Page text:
In 1996 Mount Elgon Orchards (MEO), a large flower farm in the Chepchoina regio in Western Kenya (40 kilometers from Kitale), established a small clinic on the farm. MEO is owned and run by Bob and Bea Andersen, who found it important for their employees to have access to basis healthcare in the regio. MEO is dedicated to the production of roses for the export market known as: 'The Elgon Collection'. Today the farm employs about 900 employees which makes it the biggest employer in the Trans Nzoia District. 

The initiator of the clinic, schooling projects and other activities of the Mount Elgon Trust is Dr. Bea Andersen - Schipper. She is a medical doctor from the Netherlands who worked for Medicins Sans Frontieres in both Africa and Asia for several years. When she met her husband Bob in Kenya in 1993, she moved to live on her husband's farm, Mount Elgon Orchards, and became actively involved in the wellbeing of the local community. With the help of a great number of partners, MEO have expanded their welfare projects considerably over the years, initially giving hope to employees and their children. For many years now the healthcare, education and welfare projects are no longer only focusing on the employees who are working on the farm, but the local community as a whole.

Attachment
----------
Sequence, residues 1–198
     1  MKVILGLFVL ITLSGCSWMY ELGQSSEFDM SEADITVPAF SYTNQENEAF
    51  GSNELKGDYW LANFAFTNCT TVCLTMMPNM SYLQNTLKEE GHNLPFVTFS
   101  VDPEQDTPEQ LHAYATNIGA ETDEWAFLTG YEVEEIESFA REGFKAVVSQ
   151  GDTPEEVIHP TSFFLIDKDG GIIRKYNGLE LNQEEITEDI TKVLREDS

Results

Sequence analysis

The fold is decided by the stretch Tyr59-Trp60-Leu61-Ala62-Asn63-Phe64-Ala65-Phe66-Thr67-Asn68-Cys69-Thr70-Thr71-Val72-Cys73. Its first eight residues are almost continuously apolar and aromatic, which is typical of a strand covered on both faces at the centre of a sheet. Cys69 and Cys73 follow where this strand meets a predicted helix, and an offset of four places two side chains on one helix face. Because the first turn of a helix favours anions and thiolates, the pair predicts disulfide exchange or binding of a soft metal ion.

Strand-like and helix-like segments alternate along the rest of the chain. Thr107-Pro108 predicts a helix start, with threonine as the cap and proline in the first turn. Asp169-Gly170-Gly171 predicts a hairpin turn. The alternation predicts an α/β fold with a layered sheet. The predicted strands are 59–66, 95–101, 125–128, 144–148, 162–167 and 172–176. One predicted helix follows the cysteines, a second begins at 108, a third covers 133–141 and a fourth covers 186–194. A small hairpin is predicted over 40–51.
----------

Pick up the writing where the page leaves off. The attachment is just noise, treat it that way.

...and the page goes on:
What began with a small clinic, over the years grew to a large corporate social responsibility foundation which is not only focusing on healthcare anymore, but also on educational and social development of the area. In order to ensure a sustainable development of the region, in 2006 Mount Elgon Trust (the Trust) was established in order to run all development projects initially started by MEO. The Trust was set up in order to further professionalize the structure of the increasing number of welfare projects and to secure a high ownership. The establishment of the Trust will guarantee the continuity of the activities and thus safeguard the well being of the community of Chepchoina. 

Bea Andersen - Schipper

Bob Andersen

An employee from the farm who was tested for Malaria